China Musings #15: The Beijing Bikini


Even though this is my second summer in China, I still get SUCH a good laugh out of seeing Chinese men with their shirt rolled up and their bellies exposed. It’s a curious yet common sight on the streets of China, aptly named the “Beijing Bikini.”

They hang around, play cards, drink tea (or beer), or stroll on the sidewalks exposing their little voluptuous paunches. It’s not rippling abs you see, but more more a sight of flabby tummies – often accompanied with their trousers pulled up past their belly button, and their sleeves rolled up.

One of the main reasons behind this custom lies in Chinese thinking. The belly is an important receptacle for “qì” – energy in Chinese medical theory, believing that covering your belly will store it, while exposing it will help get rid of excess amounts. Another reason is more practical, they do it as a means of cooling themselves.

The habit is actually a sort of compromise to the custom of men going totally shirtless, which is often considered embarrassing to do. And although midriff-exposure is something men of all ages do – even the younger ones – the ones with the biggest belies are always the most prominent ones.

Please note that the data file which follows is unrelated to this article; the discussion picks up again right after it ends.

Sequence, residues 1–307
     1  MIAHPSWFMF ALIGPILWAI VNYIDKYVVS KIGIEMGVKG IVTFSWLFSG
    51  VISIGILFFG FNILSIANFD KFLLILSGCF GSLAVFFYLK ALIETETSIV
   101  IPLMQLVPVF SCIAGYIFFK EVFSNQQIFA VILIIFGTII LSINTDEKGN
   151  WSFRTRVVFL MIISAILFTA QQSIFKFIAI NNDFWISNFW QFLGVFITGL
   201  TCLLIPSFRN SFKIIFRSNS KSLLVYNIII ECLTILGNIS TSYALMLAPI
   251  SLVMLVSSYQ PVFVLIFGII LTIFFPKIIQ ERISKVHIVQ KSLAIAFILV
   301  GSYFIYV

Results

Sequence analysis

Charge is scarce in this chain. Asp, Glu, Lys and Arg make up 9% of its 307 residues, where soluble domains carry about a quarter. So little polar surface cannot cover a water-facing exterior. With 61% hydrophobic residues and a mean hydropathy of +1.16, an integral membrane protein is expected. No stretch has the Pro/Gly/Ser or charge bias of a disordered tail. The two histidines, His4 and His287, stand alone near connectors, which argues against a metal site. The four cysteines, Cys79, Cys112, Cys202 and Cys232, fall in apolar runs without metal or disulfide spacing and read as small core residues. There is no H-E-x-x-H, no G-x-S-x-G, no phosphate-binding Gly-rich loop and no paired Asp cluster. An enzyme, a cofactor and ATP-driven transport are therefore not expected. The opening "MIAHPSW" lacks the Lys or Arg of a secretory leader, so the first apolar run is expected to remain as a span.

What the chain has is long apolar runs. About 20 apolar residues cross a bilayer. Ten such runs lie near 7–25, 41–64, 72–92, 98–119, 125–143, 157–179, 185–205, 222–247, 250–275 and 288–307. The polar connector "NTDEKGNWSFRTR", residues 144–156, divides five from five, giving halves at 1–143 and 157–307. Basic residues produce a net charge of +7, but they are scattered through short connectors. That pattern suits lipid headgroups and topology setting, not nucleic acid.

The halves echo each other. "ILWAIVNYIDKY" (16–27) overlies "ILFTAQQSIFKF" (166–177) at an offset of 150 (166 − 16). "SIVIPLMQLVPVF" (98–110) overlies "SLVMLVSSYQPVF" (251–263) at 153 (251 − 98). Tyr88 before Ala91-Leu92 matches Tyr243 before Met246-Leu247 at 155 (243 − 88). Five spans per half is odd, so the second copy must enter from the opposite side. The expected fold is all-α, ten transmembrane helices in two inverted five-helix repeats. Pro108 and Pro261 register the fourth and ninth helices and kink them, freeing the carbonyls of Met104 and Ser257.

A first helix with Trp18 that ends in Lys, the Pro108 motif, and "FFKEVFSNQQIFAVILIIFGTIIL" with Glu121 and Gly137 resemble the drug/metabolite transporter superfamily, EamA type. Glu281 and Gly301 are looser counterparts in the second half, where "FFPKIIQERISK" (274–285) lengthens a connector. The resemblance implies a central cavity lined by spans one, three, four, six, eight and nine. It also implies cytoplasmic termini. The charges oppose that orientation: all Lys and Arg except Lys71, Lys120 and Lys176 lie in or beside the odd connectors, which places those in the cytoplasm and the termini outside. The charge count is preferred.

While this social behavior isn’t necessarily favored by the government (a state-run paper once expressed that “exposing one's belly is not conducive towards developing urban civility”), it’s tolerated socially because no one will call them out on it. That said, the government did once begin to crack down on the no-shirt habit during the pre-Olympic run up (2007/2008). During that campaign the Beijing Daily ran pictures of men who went around shirtless, often with less than attractive upper bodies, in an effort to shame them into dressing respectfully.

A newspaper, “The Paper” recently wrote on its Weibo account that the “Beijing Bikini” is a problem throughout China and the world at large, admitting that Chinese men are the brunt of ridicule by foreigners without saying anything in defense. This ambivalence is also seen in their conclusion: "There exists an unclear boundary between personal freedoms over clothing and the etiquette of sharing public spaces."

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